13. **Amnesia: Rebirth**
The water monster from Amnesia: The Dark Descent left a lasting impression on horror fans. In 2020, Frictional Games expanded its horror universe with Amnesia: Rebirth. This installment goes beyond the haunted house setup seen in The Dark Descent, featuring tight tunnels, vast alien landscapes, and even surprising moments of bright sunshine.
While Rebirth faces some challenges in wrapping up the intricate, history-spanning narrative of the Amnesia games, it serves as a showcase for Frictional’s decade-long evolution. The locations in Rebirth are multi-layered, demonstrating Frictional’s ability to induce fear in various ways. Although there’s no water monster this time, the game maintains an ever-present threat with monsters tunneling through walls. The storyline delves into body horror and internal threats, ensuring you can never fully relax, even in supposedly safe moments.
14. **Lone Survivor**
Lone Survivor initially appeared as a 2D version of Resident Evil, but as more details emerged, it transformed into a 2D Silent Hill. The fact that the lone developer, Jasper Byrne, was able to break free from these influences and create something unique is impressive. What makes Lone Survivor even more remarkable is its ability to be funny, heartbreaking, and frightening all at once. Similar to Hotline Miami, the game’s soundtrack plays a crucial role in setting the mood and enhancing the overall experience.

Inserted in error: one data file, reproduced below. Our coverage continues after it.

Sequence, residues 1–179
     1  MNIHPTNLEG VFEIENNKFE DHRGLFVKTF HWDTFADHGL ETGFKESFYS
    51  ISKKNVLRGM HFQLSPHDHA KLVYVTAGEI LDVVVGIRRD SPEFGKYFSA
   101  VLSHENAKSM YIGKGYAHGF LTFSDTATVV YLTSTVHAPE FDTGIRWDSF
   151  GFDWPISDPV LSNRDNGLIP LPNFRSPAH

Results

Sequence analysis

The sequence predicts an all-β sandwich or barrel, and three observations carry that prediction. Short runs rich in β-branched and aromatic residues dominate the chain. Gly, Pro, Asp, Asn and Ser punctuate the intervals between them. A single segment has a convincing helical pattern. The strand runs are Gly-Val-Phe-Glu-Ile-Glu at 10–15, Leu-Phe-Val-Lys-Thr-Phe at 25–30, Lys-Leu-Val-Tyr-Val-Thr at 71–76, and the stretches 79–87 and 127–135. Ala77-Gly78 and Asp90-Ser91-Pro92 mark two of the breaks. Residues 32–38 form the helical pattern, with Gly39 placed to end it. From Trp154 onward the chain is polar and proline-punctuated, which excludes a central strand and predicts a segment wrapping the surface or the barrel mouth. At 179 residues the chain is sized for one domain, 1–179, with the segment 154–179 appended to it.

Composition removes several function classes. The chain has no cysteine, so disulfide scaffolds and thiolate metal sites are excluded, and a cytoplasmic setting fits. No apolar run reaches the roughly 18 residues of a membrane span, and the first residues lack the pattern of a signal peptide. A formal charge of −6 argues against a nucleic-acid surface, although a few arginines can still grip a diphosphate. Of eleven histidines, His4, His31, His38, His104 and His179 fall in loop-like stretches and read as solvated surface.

The plot of Lone Survivor invites exploration, and despite a somewhat rigid structure, repeated playthroughs unveil new ideas, allowing players to control the pacing. While some scenes are gruesome, the game has a certain warmth. Not everything is lost in Lone Survivor, even in a seemingly lifeless world. Despite monsters, gore, and corpses, the horror ultimately carries a touch of sorrow rather than mere disgust. The game’s atmosphere is enriched by haunting synths, whether the improbable jazz echoing through a decaying and seemingly deserted apartment building or the snap of fingers in a Lynchian dream lodge.
15. **The Evil Within**
The Evil Within is more than just a third-person survival horror game; it embodies the essence of every third-person survival horror experience. From a chaotic beginning, it swiftly transitions to gothic melodrama and Hammer horror, blending apparent science fiction concepts with over-the-top mad doctor tropes that could make even Kenneth Branagh’s shirtless Frankenstein blush. One level introduces invisible foes tracked through curtain movements, puddle ripples, and waves of dynamite-wielding enemies in a blood-soaked showdown against the player and companions.